The Asus ROG Ally could be a sensational hit or the biggest disaster

white handheld with honeycomb chassis
(Image credit: Future)

As we approach the May 11 launch of the Asus ROG Ally, the laptop manufacturer’s foray into PC handheld gaming, the media coverage and buzz around it is starting to intensify. And for good reason. Since the Steam Deck’s own launch last year, we’ve seen a market for portable gaming systems that can handle the best PC games grow out of thin air. And the ROG Ally is poised to take things even further, with a design and performance that could expand the market even further.

However, it’s not a perfect machine. There are setbacks that could either end up being minor stepping stones or could end up completely botching the ROG Ally’s launch and momentum. And considering that Asus put considerable effort and funding into this handheld, over five years according to a spokesperson, all that coming to nothing would be a shame considering this machine’s potential.

white handheld with honeycomb chassis

(Image credit: Future)

The good...

There are plenty of good things to say about the Asus ROG Ally even this early in the game. For one, the design is an excellent blend of looks and practicality. The white color immediately stands out, moving away from the gamer aesthetic in general and specifically away from the all-black of the Steam Deck. Then there’s the honeycomb design that makes the handheld pop, as well as the RGB lighting on both analog sticks. But the white color and holes in the chassis keep the system cool and sweat-free against your hands, handy for long gaming sessions. The RGB responses to various in-game commands, which adds a level of interactivity,

The entire system is also super lightweight, thanks to a combination of the holes in the chassis as well as the thin components that make up the insides. This works especially well for long sessions, including for holding certain positions that would most likely not cause fatigue an hour later. It has a familiar button layout, with the analog sticks and six trigger buttons particularly comfortable and easy to use.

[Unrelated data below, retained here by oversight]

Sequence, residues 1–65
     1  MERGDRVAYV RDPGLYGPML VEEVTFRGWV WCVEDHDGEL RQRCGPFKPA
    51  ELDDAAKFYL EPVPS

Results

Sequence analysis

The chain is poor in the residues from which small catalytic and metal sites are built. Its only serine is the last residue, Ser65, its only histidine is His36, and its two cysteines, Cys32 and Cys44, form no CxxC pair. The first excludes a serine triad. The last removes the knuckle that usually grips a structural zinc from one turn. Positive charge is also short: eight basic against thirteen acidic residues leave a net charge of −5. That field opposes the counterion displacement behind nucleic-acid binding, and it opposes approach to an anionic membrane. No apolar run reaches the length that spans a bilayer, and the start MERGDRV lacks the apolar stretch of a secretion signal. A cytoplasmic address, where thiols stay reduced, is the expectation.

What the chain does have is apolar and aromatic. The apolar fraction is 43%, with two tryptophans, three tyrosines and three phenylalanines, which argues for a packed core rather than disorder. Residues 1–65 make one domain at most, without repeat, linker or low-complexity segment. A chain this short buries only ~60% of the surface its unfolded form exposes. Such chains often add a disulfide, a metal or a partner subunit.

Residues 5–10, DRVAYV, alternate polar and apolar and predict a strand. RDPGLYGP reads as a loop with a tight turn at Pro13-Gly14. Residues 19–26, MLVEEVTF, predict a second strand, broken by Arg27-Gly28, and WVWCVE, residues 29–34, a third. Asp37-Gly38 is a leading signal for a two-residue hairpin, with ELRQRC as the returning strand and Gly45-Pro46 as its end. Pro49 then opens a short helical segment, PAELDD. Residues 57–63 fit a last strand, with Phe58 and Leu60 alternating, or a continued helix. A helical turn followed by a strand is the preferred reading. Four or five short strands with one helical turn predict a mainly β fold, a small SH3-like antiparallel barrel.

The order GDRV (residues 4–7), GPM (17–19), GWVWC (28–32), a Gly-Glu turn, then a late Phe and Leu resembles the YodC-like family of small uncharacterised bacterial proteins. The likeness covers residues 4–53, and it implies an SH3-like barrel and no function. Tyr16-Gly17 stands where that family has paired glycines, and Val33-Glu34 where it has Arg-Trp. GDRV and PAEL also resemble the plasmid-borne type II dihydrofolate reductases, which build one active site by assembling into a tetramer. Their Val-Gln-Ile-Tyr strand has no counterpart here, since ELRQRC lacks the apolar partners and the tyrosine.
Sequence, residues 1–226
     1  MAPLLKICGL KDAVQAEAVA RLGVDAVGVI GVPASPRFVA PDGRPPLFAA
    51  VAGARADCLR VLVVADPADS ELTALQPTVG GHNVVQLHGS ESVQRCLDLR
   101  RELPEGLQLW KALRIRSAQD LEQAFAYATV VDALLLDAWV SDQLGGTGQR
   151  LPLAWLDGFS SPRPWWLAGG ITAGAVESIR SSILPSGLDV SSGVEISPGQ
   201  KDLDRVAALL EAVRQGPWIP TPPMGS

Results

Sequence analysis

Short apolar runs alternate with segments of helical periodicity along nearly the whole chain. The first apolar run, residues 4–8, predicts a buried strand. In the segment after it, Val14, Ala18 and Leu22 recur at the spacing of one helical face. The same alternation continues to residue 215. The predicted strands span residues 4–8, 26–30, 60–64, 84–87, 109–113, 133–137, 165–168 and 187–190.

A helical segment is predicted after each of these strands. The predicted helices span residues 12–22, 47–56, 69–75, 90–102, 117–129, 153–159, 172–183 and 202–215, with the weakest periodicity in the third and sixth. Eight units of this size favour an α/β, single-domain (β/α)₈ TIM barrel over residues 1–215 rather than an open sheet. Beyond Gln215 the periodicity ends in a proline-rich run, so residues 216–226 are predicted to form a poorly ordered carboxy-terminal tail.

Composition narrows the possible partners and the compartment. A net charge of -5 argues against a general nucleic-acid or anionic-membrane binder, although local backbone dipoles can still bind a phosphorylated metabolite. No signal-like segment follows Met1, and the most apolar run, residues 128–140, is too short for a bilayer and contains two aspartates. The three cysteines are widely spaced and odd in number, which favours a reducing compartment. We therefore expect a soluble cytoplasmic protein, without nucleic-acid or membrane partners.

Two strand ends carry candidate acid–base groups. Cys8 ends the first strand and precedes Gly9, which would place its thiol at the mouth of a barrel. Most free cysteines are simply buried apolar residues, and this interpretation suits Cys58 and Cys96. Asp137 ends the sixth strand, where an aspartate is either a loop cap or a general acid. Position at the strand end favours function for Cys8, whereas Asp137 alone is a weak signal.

What’s even more impressive is what’s under the hood; the CPU and GPU. The former is a Zen 4-powered AMD Ryzen Z1 chip while the latter is the XG mobile. Both work incredibly hard to deliver an incredible experience: a mix of smooth framerate, beautiful high-resolution graphics, ray tracing, and DirectX 11 and 12 support. I’m still floored by what Asus was able to accomplish with this portable and am truly excited to see how much further this tech can be pushed in the near future.

broken down white handheld

(Image credit: Future)

The bad...

While testing out the Asus ROG Ally, I and other colleagues did notice a significant issue. Though the system in general remained pretty cool, there was a lot of heat being generated through the top vents. Normally this could be something ignored due to the components’ power after a lengthy gaming session. But the overheating would occur merely several minutes after running the machine.